The best small pets for kids at each age

The best small pets for kids at each age

Pet care is a special skill that can be nurtured in children from a young age. This kind of responsibility can be gradually taught – from caring for an ‘easy’ pet and graduating to each next level until a child or teenager is solely responsible for the care of their furry, purry, feathered, finned or fuzzy buddy.

To make it a little easier – and as a stepping stone to your own research – we’ve compiled a list of the best small pets for children at each age.

0 – 5 years old

Children younger than five years old might not yet be able to separate the idea of pets and toys, and may end up treating the pet as an inanimate object. Best to be on the safe side and wait until your child shows they can make this important distinction.

We recognise that all children are different, so the discretion lies with you to determine when your child is ready for the responsibility of pet care.

6 – 8 years old

Freshwater fish are the ideal starter pets for children: they are beautiful, calming to watch, and relatively easy as far as consistent pet care goes. If you are not yet a fish enthusiast, you will need to do the research for keeping lower-maintenance fish like Siamese fighters (betta fish) or goldfish, so you can provide the most enriching environment for your young child’s new finned friend.

You will have to lead the way when it comes to important pet care points like:

  • aquarium setup
  • water conditioning
  • tank enrichment (caves, plants, etc.)
  • fish companions
  • tank cleaning
  • proper feeding intervals and amounts, etc.

However, once your child has demonstrated routine responsibility, they can probably take over these chores with your role falling to that of supervisor.

9 – 10 years old

At this point, your growing tween may be ready for more tactile interaction with a pet. Trying to stroke a fish can get frustrating after a while! Now it may be time for a fuzzy friend. If your mind immediately gravitates towards hamsters, rabbits and guinea pigs – wait! Contrary to popular opinion, hamsters and rabbits DO NOT naturally like to be picked up and held, as this triggers their survival instincts and they may bite. Only hamsters and rabbits that have been sensitively handled from a very young age will be okay with human interaction.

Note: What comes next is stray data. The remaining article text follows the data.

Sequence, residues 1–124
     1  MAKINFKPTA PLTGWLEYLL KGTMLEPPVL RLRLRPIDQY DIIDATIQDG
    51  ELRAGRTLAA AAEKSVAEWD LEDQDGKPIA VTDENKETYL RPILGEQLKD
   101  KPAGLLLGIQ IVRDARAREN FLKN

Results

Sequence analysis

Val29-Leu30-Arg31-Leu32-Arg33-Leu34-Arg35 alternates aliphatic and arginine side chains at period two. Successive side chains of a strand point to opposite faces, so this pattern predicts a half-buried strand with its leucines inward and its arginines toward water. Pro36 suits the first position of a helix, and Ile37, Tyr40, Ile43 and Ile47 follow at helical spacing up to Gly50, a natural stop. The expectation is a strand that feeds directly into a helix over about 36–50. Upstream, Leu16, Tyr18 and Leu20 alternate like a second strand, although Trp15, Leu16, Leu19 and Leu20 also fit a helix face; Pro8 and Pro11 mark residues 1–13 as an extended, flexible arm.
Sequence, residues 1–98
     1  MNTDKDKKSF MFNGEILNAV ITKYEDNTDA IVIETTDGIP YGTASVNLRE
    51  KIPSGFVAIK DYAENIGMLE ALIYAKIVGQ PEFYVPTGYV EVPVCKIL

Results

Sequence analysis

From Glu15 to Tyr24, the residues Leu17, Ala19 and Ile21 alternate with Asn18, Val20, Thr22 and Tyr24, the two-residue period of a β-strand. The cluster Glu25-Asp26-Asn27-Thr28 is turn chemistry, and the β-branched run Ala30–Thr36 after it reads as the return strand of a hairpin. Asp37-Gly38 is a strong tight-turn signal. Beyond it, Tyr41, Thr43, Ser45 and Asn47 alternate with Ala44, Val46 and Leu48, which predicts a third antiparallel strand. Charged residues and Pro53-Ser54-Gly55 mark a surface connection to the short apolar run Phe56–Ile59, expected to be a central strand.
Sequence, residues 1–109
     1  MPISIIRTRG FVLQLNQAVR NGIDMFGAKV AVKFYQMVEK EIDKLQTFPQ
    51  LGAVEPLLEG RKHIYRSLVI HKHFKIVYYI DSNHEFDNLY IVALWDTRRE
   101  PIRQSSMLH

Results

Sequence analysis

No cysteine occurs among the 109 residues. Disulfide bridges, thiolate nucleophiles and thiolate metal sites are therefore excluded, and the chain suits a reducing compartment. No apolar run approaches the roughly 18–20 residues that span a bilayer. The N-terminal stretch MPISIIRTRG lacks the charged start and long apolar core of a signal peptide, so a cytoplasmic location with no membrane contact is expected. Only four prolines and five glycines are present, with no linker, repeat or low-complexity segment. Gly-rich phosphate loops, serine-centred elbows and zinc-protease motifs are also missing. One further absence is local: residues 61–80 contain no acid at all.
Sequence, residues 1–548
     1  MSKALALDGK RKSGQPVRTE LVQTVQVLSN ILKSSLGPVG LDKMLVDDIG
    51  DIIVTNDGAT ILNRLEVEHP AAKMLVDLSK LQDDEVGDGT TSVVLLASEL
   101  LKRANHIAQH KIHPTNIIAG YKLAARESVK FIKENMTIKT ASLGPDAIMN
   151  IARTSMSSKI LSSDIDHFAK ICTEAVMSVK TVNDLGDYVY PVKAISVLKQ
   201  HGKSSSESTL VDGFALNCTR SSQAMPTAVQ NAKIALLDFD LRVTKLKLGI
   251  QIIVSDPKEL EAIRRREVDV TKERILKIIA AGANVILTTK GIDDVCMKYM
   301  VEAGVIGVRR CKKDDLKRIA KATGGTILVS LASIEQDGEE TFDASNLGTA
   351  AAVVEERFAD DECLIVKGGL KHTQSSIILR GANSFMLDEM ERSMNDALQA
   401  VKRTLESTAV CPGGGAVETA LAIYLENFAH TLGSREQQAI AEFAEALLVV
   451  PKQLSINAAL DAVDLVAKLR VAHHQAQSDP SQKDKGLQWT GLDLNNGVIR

Guinea pigs are a good option for this age group as they are more tolerant of human interaction. They also enjoy playing and running around, and can even be taught to run obstacle courses and do tricks.

Domesticated rats absolutely love socialising with humans. They are intelligent, sociable animals with the ability to learn many tricks and commands. If your child is game for the idea, a rat buddy would provide endless hours of fun and the opportunity to learn about routine care, the discipline of training, and awareness of others’ needs.

The same rule applies: you would first need to research guinea pig care and rat care in order to guide your child with their new fuzzy friend. The important areas of research include:

  • habitat
  • nutrition
  • interaction and training
  • veterinary care
  • enrichment (toys, hides, etc.)
  • treats
  • lifespan

11 – 14 years old

When they are more aware of the pet’s unique needs, older tweens and teens may be ready for the complex care and patience required for hamsters and rabbits. There are many different species of hamsters and rabbits – each one with its own traits and needs. These need to be sensitively met in order to give the animal the best chance at a (relatively) long and healthy life.

There are some wonderful resources on YouTube that explain the best type of care for each specific hamster or rabbit species. You and your child will need to ensure their fuzzy buddy has:

  • enough space to eat, sleep, explore, interact and do their business
  • the correct food
  • the correct bedding
  • the appropriate toys or enrichment
  • a safe space or container while your child cleans the cage, hutch or living quarters
  • regular vet visits

The same rules apply to bird care – each care routine will be determined by the species of bird and extensive research is needed in order to give the individual bird the best care possible for their lifelong wellbeing. At the start of your child’s pet care journey, it’s up to you to do the necessary research and provide the initial care and supervision. However, if your child takes on their role as pet parent with passion and responsibility, you may end up with a true pet hero who promotes and advocates for the wellbeing and correct care of all pets!

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